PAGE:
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that it is more pleasing to see smoke brightening into flame, than flame sinking into smoke.
Rambler, No. 1.
Now came still evening on, and twilight grey
Had in her sober library all things clad ;
Silence accompanied; for beast and bird,
They to their grassy couch, these to their nests
Were slunk all but the wakeful nightingale,
She all night long her amorous descant sung;
Silence was pleased ; now glow'd the firmament
With living sapphires ; Hesperus, that led
The starry host, rode brightest till the moon,
Rising in clouded majesty, at length,
Apparent queen, unveil'd her peerless light,
And o'er the dark her silver mantle threw.
Paradise Lost, Book IV.
Now is the pleasant time,
The cool, the silent, save where silence yields
To the night-warbling bird, that now awake
Tunes sweetest his love-labour'd song ; now reigns
Full-orb'd the moon, and with more pleasing light
Shadowy sets off the face of things.
Paradise Lost, Book V.
OH Hesperus! thou bringest all good things-
Home to the weary, to the hungry cheer,
To the young bird the parent's brooding wings,
The welcome stall to the o'erlabour'd steer ;
Whate'er of peace about our hearthstone clings,
Whate'er our household gods protect of dear,
Are gather'd round us by thy look of rest;
Thou bring'st the child, too, to his mother's breast.
Soft hour! which wakes the wish and melts the heart
Of those who sail the seas, on the first day
When they from their sweet friends are torn apart;
Or fills with love the pilgrim on his way,
As the far bell of vesper makes him start,
Seeming to weep the dying day's decay ;
Is this a fancy which our reason scorns ?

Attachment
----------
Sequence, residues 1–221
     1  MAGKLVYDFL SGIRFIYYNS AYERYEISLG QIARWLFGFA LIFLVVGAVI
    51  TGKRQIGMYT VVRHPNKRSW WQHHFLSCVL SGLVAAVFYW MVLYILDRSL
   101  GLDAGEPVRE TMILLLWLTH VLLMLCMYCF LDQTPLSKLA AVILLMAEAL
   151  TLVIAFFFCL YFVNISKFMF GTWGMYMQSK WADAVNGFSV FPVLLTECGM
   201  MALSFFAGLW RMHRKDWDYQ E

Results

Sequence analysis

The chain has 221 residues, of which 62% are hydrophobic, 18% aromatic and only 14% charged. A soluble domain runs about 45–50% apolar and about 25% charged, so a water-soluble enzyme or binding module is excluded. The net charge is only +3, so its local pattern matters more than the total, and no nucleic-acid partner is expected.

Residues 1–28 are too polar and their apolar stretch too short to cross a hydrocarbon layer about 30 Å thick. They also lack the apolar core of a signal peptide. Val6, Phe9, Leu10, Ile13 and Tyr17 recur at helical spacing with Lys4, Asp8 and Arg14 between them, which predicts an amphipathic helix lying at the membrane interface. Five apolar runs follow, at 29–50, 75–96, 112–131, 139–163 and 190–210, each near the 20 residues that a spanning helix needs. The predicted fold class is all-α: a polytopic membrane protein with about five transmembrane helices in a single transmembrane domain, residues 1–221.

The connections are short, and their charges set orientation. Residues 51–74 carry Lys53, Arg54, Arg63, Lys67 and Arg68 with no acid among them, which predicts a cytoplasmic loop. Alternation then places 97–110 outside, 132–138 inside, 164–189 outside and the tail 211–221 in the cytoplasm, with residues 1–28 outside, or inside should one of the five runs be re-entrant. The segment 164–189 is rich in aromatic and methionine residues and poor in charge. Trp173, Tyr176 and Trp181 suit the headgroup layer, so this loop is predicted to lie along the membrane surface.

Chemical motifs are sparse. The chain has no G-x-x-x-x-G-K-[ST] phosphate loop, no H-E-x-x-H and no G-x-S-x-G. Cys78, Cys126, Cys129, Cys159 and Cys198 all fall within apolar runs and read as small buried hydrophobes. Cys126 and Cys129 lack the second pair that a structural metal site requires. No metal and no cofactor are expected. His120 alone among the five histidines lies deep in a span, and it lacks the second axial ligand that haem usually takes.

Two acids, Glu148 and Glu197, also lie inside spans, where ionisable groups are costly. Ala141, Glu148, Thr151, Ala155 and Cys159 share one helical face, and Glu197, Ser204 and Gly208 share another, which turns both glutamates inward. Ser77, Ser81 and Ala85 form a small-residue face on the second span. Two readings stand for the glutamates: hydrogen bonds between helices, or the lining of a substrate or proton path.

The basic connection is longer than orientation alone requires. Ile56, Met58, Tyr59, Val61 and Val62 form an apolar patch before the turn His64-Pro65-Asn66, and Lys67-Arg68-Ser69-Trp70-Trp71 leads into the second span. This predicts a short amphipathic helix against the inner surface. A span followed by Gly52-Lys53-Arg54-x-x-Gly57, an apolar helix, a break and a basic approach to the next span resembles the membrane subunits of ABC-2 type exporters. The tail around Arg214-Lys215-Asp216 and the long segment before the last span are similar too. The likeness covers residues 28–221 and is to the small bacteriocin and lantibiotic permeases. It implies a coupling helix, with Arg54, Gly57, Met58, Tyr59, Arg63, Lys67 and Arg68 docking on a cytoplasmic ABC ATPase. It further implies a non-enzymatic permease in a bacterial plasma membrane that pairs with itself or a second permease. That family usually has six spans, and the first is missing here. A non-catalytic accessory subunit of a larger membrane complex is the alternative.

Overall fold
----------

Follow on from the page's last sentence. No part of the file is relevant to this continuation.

Ah! surely nothing dies but something mourns !
When Nero perish'd by the justest doom
Which ever the destroyer yet destroy'd,
Amidst the roar of liberated Rome,
Of nations freed, and the world overjoy'd,
Some hands unseen strew'd flowers upon his tomb:
Perhaps the weakness of a heart not void
Of feeling for some kindness done, when power
Had left the wretch an uncorrupted hour.
Don Juan, Canto II
As, when the moon, refulgent lamp of night,
O’er heaven's clear azure spreads her sacred light,
When not a breath disturbs the deep serene,
And not a cloud o'ercasts the solemn scene;
Around her throne the vivid planets roll,
And stars unnumber'd gild the glowing pole,
O’er the dark trees a yellower verdure shed,
And tip with silver every mountain's head;
Then shine the vales, the rocks in prospect rise,
A flood of glory bursts from all the skies;
The conscious swains, rejoicing in the sight,
Eye the blue vault, and bless the useful light.
Pope. Iliad, Book VIII.
QUEEN and huntress, chaste and fair,
Now the sun is laid to sleep,
Seated in thy silver chair,
State in wonted manner keep :
Hesperus entreats thy light,
Goddess excellently bright.
As when fayre Cynthia, in darksome night
As in a noyous cloud enveloped,
Where she may finde the substance thin and light,
Breakes forth her silver beames, and her bright hed
Discovers to the world discomfited;
Of the poore travailer, that went astray
With thousand blessings she is heried.
Faëry Queen, Book III., Canto 1.
Earth, let not thy envious shade
Dare itself to interpose ;
Cynthia's shining orb was made
Heaven to clear when day did close :
Bless us then with wished sight,
Goddess excellently bright.
Lay thy bow of pearl apart,
And thy crystal-shining quiver ;
Give unto the flying hart
Space to breathe how short soever:
Thou that mak’st a day of night,
Goddess excellently bright.
'Tis midnight: on the mountains brown
The cold, round moon shines deeply down;
Blue roll the waters, blue the sky
Spreads like an ocean hung on high,
Bespangled with those isles of light,